Courtesies in Using Email

Although widespread use of email is relatively recent, some "conventional wisdom" has already accumulated about how to avoid offending or annoying email correspondents. We include here a brief review of some key points and recommend additional tips on etiquette through the linked Web sites.

Checking Email Regularly

When a teacher or work-group member tells you that you’ll be getting email, check your account regularly or be sure to explain that you cannot access email. As more and more people rely on electronic communications, they will be annoyed when you don’t respond to questions or miss other messages.

Using Emoticons and Abbreviations

Because email messages lack tone of voice and gestures that communicate so much during face-to-face and telephone conversations, some email writers include emoticons to indicate humor, sarcasm, excitement, and other emotions; for example, :) is a happy face. As a writer, you’ll know which personal messages can include these touches, but they’re generally frowned upon in professional contexts.

Similarly, you may feel comfortable writing personalized abbreviations (such as imho for "in my humble opinion") in personal or social messages, but they are generally not considered appropriate for professional communications. To view additional emoticons and abbreviations, see the link at the bottom of the page.

Writing Tempered Email

Because email is less personal than a face-to-face or even a telephone conversation, users sometimes find themselves tempted to write messages that they would not ordinarily speak to that person. Generally, writing email messages in the heat of anger or frustration only causes more problems. Take time to think through a problem or situation before you send an email message. In other words, don’t lash out through email just because you won’t have to witness the immediate reaction of your recipient.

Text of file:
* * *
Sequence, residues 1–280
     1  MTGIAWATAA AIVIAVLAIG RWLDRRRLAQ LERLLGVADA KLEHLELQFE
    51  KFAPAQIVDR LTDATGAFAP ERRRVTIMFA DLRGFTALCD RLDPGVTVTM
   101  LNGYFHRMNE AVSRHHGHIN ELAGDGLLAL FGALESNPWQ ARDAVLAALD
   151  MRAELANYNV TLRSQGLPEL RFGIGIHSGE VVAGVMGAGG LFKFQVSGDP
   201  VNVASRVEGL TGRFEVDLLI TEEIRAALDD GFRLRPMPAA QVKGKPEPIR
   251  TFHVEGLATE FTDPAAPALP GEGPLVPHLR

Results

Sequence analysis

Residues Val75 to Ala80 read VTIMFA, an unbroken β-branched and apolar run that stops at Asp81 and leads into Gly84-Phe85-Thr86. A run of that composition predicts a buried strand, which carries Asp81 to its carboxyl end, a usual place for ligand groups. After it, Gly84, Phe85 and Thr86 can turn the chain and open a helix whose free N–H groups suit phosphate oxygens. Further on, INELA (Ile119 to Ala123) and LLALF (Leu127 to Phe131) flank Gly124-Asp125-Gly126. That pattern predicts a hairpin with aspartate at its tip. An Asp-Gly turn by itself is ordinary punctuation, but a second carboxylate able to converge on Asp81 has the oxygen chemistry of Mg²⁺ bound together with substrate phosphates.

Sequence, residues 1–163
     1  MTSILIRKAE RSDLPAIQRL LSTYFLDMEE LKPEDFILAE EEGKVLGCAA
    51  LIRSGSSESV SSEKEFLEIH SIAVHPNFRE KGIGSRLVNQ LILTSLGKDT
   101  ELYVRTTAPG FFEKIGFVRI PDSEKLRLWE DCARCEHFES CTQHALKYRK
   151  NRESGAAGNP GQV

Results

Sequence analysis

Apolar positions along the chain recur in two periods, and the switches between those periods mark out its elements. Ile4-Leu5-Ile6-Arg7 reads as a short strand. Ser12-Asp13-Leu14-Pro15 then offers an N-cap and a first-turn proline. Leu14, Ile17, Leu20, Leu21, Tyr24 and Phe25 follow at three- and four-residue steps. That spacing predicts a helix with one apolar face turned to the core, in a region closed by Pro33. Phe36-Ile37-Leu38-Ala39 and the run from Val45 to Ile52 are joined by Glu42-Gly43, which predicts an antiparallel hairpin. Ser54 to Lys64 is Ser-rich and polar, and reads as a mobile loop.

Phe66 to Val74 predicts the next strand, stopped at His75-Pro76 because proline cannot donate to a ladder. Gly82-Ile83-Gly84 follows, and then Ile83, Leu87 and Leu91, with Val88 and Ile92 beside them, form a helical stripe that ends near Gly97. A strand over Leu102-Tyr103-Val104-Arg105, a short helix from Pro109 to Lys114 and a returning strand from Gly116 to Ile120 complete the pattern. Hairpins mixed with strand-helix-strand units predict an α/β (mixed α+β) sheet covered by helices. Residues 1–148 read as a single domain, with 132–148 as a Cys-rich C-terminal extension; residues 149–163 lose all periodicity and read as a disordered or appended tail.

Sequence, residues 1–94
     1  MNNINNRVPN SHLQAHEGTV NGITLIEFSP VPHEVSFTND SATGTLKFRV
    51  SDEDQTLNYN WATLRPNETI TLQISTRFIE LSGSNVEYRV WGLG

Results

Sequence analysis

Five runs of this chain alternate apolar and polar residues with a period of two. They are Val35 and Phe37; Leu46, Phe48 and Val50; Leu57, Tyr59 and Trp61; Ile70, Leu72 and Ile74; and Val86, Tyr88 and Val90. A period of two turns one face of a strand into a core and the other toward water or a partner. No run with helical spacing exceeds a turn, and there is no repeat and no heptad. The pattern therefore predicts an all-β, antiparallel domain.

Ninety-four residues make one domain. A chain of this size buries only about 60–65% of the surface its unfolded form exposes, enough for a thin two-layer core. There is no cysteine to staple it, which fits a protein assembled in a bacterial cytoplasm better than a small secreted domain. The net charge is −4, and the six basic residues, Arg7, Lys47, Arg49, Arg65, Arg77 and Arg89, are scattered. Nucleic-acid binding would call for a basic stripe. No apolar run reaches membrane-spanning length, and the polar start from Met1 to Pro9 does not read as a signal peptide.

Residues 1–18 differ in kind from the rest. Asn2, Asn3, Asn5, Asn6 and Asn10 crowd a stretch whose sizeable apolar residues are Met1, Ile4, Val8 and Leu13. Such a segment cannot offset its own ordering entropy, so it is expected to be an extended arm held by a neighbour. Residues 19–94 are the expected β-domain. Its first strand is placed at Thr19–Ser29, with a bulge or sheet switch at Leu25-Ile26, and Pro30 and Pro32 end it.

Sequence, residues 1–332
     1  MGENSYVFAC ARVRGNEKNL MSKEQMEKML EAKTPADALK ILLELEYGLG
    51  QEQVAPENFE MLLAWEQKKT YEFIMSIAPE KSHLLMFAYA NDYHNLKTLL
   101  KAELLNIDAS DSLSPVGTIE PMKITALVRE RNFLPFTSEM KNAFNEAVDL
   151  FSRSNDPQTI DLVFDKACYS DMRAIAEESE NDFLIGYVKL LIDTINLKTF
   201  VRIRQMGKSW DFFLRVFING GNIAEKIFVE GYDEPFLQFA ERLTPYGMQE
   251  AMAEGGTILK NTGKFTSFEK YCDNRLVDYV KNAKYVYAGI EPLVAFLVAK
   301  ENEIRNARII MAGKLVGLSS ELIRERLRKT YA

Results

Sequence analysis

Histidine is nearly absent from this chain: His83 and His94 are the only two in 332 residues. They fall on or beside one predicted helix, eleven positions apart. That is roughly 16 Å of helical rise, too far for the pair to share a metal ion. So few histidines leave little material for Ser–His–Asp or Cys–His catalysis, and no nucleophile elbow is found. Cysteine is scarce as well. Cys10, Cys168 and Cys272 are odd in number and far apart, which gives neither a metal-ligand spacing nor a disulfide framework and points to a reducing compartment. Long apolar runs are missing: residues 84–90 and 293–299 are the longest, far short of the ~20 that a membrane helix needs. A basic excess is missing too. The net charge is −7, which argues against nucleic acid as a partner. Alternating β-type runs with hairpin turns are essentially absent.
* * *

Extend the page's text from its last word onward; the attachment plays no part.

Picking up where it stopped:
On the other hand, you may find yourself in a situation that allows you to exploit the distancing effect of email. Say, for example, that a group member isn’t doing his share of the work, and if you confront that person face-to-face you know you’re likely to explode. A carefully worded email message can alert the person to the problem without causing the hard feelings that a confrontation might.

Eliminating Junk Mail

Don’t send announcements to people unlikely to care about your "news." People get so many email messages now that they are annoyed by groups that include them on general lists. If you want to be sure to reach everyone who might be interested in your group, send a general announcement once a year about your organization and ask interested people to send you a reply to be added to your emailing list. Create and update the list as necessary, and use only that list for your announcements unless a particular event is likely to attract other people from the larger community.

Joining List-Serve Groups

Be aware that most list-serve groups observe common courtesies that may differ from group to group. One list-serve may ask that you mail a first message introducing yourself and explaining your interest in the group topic. Other list-serve groups may ask that you "lurk"(reading without participating) for a few weeks until you "get the feel" for the common exchanges before you jump in. Don't create the wrong impression as did a student joining a professional list-serve recently: she asked how we could be so boring by never writing any messages. As a member quickly responded, this group usually asks for polite introductions first, and she would get more responses when the members returned from the major annual convention that had taken them all away from their desks for ten days.

Replying to One Person Rather Than the Group

When you want to communicate with one member of your list-serve group, be sure to send the message to that person’s email address, not to the list-serve address. Private messages sent to all the list-serve members can annoy readers who aren’t intended to read the message.

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